Journal Article

White matter damage in frontotemporal dementia and Alzheimer's disease measured by diffusion MRI

Yu Zhang, Norbert Schuff, An-Tao Du, Howard J. Rosen, Joel H. Kramer, Maria Luisa Gorno-Tempini, Bruce L. Miller and Michael W. Weiner

in Brain

Published on behalf of The Guarantors of Brain

Volume 132, issue 9, pages 2579-2592
Published in print September 2009 | ISSN: 0006-8950
Published online May 2009 | e-ISSN: 1460-2156 | DOI: http://dx.doi.org/10.1093/brain/awp071

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Frontotemporal dementia (FTD) and Alzheimer's disease are sometimes difficult to differentiate clinically because of overlapping symptoms. Using diffusion tensor imaging (DTI) measurements of fractional anisotropy (FA) can be useful in distinguishing the different patterns of white matter degradation between the two dementias. In this study, we performed MRI scans in a 4 Tesla MRI machine including T1-weighted structural images and diffusion tensor images in 18 patients with FTD, 18 patients with Alzheimer's disease and 19 cognitively normal (CN) controls. FA was measured selectively in specific fibre tracts (including corpus callosum, cingulum, uncinate and corticospinal tracts) as well as globally in a voxel-by-voxel analysis. Patients with FTD were associated with reductions of FA in frontal and temporal regions including the anterior corpus callosum (P < 0.001), bilateral anterior (left P < 0.001; right P = 0.005), descending (left P < 0.001; right P = 0.003) cingulum tracts, and uncinate tracts (left P < 0.001; right P = 0.005), compared to controls. Patients with Alzheimer's disease were associated with reductions of FA in parietal, temporal and frontal regions including the left anterior (P = 0.003) and posterior (P = 0.002) cingulum tracts, bilateral descending cingulum tracts (P < 0.001) and left uncinate tracts (P < 0.001) compared to controls. When compared with Alzheimer's disease, FTD was associated with greater reductions of FA in frontal brain regions, whereas no region in Alzheimer's disease showed greater reductions of FA when compared to FTD. In conclusion, the regional patterns of anisotropy reduction in FTD and Alzheimer's disease compared to controls suggest a characteristic distribution of white matter degradation in each disease. Moreover, the white matter degradation seems to be more prominent in FTD than in Alzheimer's disease. Taken together, the results suggest that white matter degradation measured with DTI may improve the diagnostic differentiation between FTD and Alzheimer's disease.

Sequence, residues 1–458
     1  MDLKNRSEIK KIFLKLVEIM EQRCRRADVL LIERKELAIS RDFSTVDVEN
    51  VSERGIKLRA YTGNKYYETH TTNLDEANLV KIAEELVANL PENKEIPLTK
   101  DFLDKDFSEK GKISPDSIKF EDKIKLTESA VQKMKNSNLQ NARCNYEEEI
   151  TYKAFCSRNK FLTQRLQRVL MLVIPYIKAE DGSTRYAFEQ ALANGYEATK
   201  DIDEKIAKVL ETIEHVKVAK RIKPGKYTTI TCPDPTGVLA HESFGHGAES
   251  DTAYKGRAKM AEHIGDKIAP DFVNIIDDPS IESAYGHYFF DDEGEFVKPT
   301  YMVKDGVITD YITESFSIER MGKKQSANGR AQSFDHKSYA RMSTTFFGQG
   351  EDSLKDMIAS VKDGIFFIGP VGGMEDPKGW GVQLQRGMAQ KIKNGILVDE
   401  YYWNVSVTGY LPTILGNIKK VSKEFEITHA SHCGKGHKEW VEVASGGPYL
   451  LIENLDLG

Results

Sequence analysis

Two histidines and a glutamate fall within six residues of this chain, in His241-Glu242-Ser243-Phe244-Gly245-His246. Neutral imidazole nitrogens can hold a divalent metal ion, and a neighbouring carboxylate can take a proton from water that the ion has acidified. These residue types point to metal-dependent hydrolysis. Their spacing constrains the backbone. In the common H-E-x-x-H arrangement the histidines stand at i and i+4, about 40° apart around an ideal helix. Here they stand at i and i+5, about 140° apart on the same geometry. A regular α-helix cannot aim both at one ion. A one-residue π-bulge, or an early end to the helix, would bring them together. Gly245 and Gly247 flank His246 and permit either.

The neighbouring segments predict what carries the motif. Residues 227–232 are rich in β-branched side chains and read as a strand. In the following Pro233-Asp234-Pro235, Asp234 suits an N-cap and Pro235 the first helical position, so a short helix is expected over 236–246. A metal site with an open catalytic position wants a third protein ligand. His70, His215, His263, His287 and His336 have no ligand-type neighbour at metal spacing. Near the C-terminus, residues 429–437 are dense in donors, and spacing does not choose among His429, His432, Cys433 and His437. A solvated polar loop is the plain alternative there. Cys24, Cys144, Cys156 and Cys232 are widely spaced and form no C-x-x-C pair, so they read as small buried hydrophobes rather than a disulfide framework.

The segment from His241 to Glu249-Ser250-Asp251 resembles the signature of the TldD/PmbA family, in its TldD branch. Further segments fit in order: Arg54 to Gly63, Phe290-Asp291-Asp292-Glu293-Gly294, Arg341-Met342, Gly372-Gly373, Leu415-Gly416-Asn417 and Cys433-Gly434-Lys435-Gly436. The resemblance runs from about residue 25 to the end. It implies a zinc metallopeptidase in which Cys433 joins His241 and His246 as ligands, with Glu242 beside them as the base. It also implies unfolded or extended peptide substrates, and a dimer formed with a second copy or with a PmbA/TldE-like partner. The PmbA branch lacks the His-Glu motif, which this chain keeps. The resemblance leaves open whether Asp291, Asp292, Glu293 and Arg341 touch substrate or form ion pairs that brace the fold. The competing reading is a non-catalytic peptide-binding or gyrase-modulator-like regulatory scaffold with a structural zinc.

Keywords: Alzheimer's disease; frontotemporal dementia; diffusion tensor imaging; diffusion tensor fibre tracking

Journal Article.  7991 words.  Illustrated.

Subjects: Neurology ; Neuroscience

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